Preparations. The American observers employed the most sophisticated instruments available to them. Near Philadelphia, master clockmaker David Rittenhouse used his own specially built timepiece, a 144-power refracting telescope, and an equal-altitude instrument. In Cambridge, Massachusetts, John Winthrop had the use of Harvard’s eight-foot telescope and exceptionally accurate pendulum clock and an astronomical quadrant he borrowed from Boston’s collector of customs. Other observations points were set up in Rhode Island, New York, New Jersey, and Virginia. In all, at least twenty-two official observations were made in North America. Popular enthusiasm grew; nonacademics gathered smoked glasses to use with their less powerful telescopes and pocket watches. They knew little about what was going on but realized that it was big and wanted to be part of it.
Success. When the day came that June, the weather was clear in virtually every place where an observation was made. In the cities crowds gathered in hushed respect to watch the observers. Rittenhouse, peering expectantly through his telescope, became so excited at the moment of contact that he actually forgot to report it for several seconds (in a situation when every second made a huge difference in the final calculations). When it was all over, the American Philosophical Society printed several observations. The quality of these varied considerably, but all were sought out, for it was felt that a greater number of variations would ultimately yield a more accurate mean. The European scientists seemed pleased with the American efforts; one Swedish scientist declared that they had given “infinite satisfaction to our astronomers.” The data gained was a triumph in itself; although several American astronomers and mathematicians tackled the painstaking math, only one attempt to calculate the parallax was actually published in America, and that was after some of the European results were already known. Comparing Pennsylvania and Greenwich observations, Rittenhouse and a compatriot reckoned the distance from the Earth to the Sun at about 93 million miles—close to today’s accepted figure. The transit of Venus gave not only public attention and a much-needed stimulus to scientific pursuit in America, the observations brought international attention. One enthusiast undoubtedly spoke for many when he declared that the transit of Venus “hath done a Credit to our Country which would have been cheaply purchased for twenty times the Sum!”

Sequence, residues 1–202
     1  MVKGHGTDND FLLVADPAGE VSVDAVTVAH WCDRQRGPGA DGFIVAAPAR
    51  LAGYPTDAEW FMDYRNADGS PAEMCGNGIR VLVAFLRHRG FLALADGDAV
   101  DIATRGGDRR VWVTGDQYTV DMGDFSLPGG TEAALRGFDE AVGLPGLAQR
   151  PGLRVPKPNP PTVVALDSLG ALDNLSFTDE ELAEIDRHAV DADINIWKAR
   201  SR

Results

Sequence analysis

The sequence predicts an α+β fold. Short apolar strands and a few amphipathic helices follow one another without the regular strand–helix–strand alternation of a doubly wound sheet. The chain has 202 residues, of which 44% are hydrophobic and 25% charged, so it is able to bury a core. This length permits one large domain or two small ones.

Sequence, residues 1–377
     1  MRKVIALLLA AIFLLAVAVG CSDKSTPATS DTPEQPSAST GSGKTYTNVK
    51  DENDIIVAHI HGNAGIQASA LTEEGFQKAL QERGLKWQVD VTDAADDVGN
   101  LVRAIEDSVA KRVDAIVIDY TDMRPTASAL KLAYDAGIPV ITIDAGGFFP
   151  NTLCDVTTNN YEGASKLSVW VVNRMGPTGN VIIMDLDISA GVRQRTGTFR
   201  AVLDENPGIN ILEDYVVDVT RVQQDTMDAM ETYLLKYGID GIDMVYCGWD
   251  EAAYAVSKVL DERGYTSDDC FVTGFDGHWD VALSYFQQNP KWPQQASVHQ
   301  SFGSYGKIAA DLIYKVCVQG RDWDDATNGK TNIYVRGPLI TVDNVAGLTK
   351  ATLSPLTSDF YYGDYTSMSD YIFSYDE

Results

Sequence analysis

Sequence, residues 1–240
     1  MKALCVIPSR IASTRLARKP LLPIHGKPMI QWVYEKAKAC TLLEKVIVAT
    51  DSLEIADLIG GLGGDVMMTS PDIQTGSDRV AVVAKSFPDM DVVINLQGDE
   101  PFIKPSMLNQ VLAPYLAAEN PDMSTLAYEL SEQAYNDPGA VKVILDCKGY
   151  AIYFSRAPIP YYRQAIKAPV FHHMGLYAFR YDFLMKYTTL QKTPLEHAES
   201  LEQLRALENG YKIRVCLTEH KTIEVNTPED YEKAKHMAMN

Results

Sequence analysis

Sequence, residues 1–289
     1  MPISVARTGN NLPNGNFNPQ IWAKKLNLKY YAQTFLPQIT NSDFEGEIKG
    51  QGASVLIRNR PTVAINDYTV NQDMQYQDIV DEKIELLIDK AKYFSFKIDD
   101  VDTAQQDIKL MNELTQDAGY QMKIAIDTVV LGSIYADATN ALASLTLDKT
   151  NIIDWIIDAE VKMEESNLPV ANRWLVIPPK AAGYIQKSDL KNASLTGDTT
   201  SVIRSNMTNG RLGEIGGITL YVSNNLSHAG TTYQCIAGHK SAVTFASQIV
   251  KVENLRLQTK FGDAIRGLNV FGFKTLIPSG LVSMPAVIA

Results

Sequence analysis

Brooke Hindle, The Pursuit of Science in Revolutionary America 1735-1789 (Chapel Hill: University of North Carolina Press, 1956);
Harry Wolfe, The Transits of Venus: A Study of Eighteenth-century Science (Princeton, N.J.: Princeton University Press, 1959).